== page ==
Hedonic pricing evaluates the benefit of a nonmarket characteristic (e.g., pollution, fatality risk) on market prices. It is most commonly applied to variations in residential prices reflecting the value of local environmental attributes. Examples
The basic premise of the hedonic pricing method is that the price of a marketed good is related to its characteristics, or the services it provides. For example, the price of a car reflects the characteristics of that car—transportation, comfort, style, luxury, safety features, fuel economy, etc. The individual characteristics of a car or other good can be valued by looking at how its price people changes when controlling for other characteristics. Uses of Hedonic PricingHedonic pricing is a convenient method for estimating transportationrelated benefits and disbenefits affecting residential property values. These can be negative benefits of transportation facilities such as freeway noise, or positive benefits such as improved access to activities. Application of the Hedonic Pricing Method Using Residential PricesStep 1The first step is to collect data on residential property sales in the region for a specific time period (usually one year). The required data include:
Data on housing prices and characteristics are available from municipal offices, multiple listing services, and other sources. Step 2Once the data are collected and compiled, the next step is to statistically estimate a function that relates property values to property characteristics. Regression analysis is typically used to estimate the influence of various property characteristics. A model for a set of factors determining house prices could be: P = f (D, S, V, E, H, T) P = Price D = Distance from the nearest central business district
S = Size of house
V = Rating of view
E = School quality
H = Proximity to highway
T = Proximity to transit
This is called a hedonic price function. The regression typically uses the logarithms of the values for the various factors. A statistical analysis package such as the Regression function in Microsoft Excel or SPSS can be used for the computations of the following type of equation: ln (P) = ln β_{0} + β_{1} ln (D) + β_{2} ln (S) + β_{3} ln (V) + β_{4} ln (E) + β_{5} ln (H) + β_{6} ln (T) + e The β values represent the role that each factor plays in the value of the residence. For example β_{5} is the value of each unit of proximity to the highway. Advantages of the Hedonic Pricing Method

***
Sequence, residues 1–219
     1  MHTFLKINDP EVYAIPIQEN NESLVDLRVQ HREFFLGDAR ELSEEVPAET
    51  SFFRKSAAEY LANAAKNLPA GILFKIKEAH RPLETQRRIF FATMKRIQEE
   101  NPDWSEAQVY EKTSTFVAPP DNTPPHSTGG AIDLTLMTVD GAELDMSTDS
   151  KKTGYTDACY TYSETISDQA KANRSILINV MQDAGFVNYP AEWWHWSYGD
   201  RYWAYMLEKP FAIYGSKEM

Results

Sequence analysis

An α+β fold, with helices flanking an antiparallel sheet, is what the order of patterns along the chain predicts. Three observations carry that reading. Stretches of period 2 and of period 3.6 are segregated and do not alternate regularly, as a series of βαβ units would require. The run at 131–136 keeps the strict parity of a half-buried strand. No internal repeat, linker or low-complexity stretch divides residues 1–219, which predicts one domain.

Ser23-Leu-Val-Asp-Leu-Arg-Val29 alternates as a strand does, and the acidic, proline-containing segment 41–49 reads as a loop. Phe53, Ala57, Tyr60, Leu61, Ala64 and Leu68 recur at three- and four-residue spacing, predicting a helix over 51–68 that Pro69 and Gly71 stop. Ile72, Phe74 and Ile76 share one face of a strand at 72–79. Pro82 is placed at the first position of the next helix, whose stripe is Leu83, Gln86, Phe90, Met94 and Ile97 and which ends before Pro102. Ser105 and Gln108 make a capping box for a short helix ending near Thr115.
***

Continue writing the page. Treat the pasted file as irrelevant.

Issues and Limitations
Case Study Example of the Hedonic Pricing MethodSituationThe town of Southold, Long Island, New York has coastlines on both the Peconic Bay and Long Island Sound. Compared to the rest of Long Island, it is a relatively rural area, with a large amount of farmland. However, population and housing density are rapidly increasing in the town, resulting in development pressures on farmland and other types of open space.
ChallengeThe Peconic Estuary Program is considering various management actions for the Estuary and surrounding land areas. In order to assess some of the values that may result from these management actions, a hedonic valuation study was conducted, using 1996 housing transactions.
AnalysisThe study found that the following variables that are relevant for local environmental management had significant effects on property values in Southold:
ResultsBased on the results of this study, managers could, for example, calculate the value of preserving a parcel of open space, by calculating the effects on property values adjacent to the parcel. For a hypothetical simple case, the value of preserving a 10 acre parcel of open space, surrounded by 15 "average" properties, was calculated as $410,907. SourcesBoardman, A., D. Greenberg, A. Vining, and D. Weimer. CostBenefit Analysis: Concepts and Practice. pp. 339344. King, D.M. and M. Mazzotta, Ecosystem Evaluation (website). Available at: http://www.ecosystemvaluation.org/hedonic_pricing.htm. Uyeno, D., S. Hamilton, and A. Biggs, "Density of Residential Land Use and the Impact of Airport Noise." Journal of Transport Economics and Policy, 27, no. 1, 1993.

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